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The Bad Arolsen Conflict

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USHMM Bad Arolsen program does not go far enough

January 28th 2008

Washington Jewish Week logo

For more than five decades, the International Committee for the Red Cross maintained millions of Holocaust records—detailed information that would allow people to find out what happened to family members during that dark period of history. In some cases, it would help them verify memories of their own horrific stories. But, those records were in Bad Arolsen, Germany, inaccessible to both historians and individuals. The backlog plaguing the Red Cross' International Tracing Service was unbearable for those seeking information.

 

Finally, documents 68 million digital images of invaluable material, with nearly another 40 million images expected have been released to the 11 nations that run the ITC, with each nation entitled to a single repository. In the United States, that repository is the U.S. Holocaust Memorial Museum in Washington, D.C.  The museum recently announced that it has dedicated 20 on-site computer terminals to the tracing service, and has trained 25 researchers to do searches. It is a remarkable and welcome step, but does go not far enough.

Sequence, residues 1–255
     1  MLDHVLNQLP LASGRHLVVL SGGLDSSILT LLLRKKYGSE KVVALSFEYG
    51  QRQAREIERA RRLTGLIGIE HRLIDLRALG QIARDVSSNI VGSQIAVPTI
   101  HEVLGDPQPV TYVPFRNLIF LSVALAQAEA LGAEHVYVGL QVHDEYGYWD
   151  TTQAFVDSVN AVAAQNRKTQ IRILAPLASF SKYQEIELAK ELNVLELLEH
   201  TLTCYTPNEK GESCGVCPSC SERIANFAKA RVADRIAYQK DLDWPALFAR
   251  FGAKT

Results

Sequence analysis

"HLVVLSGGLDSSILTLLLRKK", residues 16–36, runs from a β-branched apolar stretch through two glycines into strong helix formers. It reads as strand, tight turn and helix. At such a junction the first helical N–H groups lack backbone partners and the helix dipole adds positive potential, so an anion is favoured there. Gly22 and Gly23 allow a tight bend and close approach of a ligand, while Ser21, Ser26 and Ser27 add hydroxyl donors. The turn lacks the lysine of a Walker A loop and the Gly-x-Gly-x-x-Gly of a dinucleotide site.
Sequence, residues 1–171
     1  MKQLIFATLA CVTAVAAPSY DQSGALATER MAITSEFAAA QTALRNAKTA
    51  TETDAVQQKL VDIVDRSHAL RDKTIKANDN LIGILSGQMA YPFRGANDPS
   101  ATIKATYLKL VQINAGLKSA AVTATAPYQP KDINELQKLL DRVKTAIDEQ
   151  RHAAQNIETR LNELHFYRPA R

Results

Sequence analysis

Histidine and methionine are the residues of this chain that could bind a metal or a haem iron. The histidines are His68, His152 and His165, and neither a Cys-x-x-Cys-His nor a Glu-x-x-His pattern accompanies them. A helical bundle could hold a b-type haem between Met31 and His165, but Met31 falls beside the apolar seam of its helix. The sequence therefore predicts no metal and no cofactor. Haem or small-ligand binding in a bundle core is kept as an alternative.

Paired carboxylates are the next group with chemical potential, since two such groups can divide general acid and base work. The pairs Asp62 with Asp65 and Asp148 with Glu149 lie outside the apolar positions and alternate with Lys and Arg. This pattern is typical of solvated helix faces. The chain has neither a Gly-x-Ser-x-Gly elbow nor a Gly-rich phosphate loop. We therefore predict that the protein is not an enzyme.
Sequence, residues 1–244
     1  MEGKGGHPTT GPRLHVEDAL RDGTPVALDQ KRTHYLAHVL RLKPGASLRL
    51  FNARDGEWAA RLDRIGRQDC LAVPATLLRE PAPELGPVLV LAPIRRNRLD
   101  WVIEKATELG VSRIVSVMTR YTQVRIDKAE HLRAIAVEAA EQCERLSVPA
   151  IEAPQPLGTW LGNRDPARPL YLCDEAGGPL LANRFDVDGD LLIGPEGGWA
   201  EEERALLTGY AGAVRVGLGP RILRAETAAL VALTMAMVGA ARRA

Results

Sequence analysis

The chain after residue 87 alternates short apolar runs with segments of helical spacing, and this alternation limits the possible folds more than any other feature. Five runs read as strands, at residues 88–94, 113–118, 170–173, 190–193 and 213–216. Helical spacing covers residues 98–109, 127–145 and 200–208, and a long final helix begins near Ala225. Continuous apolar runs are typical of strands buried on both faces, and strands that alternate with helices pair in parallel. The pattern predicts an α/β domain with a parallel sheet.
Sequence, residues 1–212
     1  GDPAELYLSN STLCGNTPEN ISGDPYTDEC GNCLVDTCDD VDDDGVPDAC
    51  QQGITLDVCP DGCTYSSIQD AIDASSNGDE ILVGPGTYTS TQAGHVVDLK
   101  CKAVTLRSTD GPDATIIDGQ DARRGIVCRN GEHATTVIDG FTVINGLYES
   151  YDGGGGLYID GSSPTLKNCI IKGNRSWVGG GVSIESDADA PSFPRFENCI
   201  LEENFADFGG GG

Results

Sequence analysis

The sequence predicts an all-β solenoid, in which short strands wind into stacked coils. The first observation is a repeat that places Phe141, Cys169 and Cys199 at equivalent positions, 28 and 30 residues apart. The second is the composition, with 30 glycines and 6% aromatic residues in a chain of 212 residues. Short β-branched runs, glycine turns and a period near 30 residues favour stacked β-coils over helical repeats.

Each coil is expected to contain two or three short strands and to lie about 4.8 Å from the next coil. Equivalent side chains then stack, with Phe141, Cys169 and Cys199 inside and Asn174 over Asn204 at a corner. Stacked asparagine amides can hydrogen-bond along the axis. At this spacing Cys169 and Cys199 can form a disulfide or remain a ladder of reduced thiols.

As anyone who has even done cursory research on family roots knows, spellings of family names, and even the names themselves, change; the name of a town that your grandmother told you about may not be the same one used during the Nazi era; and the great-uncle called Dovid may have been Shmuel Dovid. Research into records can be a matter of trial and error; conversations may elicit new information.

 

Simply filling out a form, as now exists, may not provide enough information for researchers. Locally, most of those seeking information will be able to go to the museum and sit down with a researcher. Outside this area, that's not possible.

 

Twenty computers in Washington is not good enough when the vast majority of survivors and their families do not live in this area. The Holocaust museum needs, as soon as possible, to set up satellite research locations in areas with high concentrations of Holocaust survivors, such as New York and Miami.

Additionally, the museum must do what it can to get the best of computer programmers together, the Sergei Brins and Larry Pages of the world, to make these documents easily searchable and widely available through a home computer.

 

We owe it to the victims. We owe it to the survivors and their families. We owe it to history.


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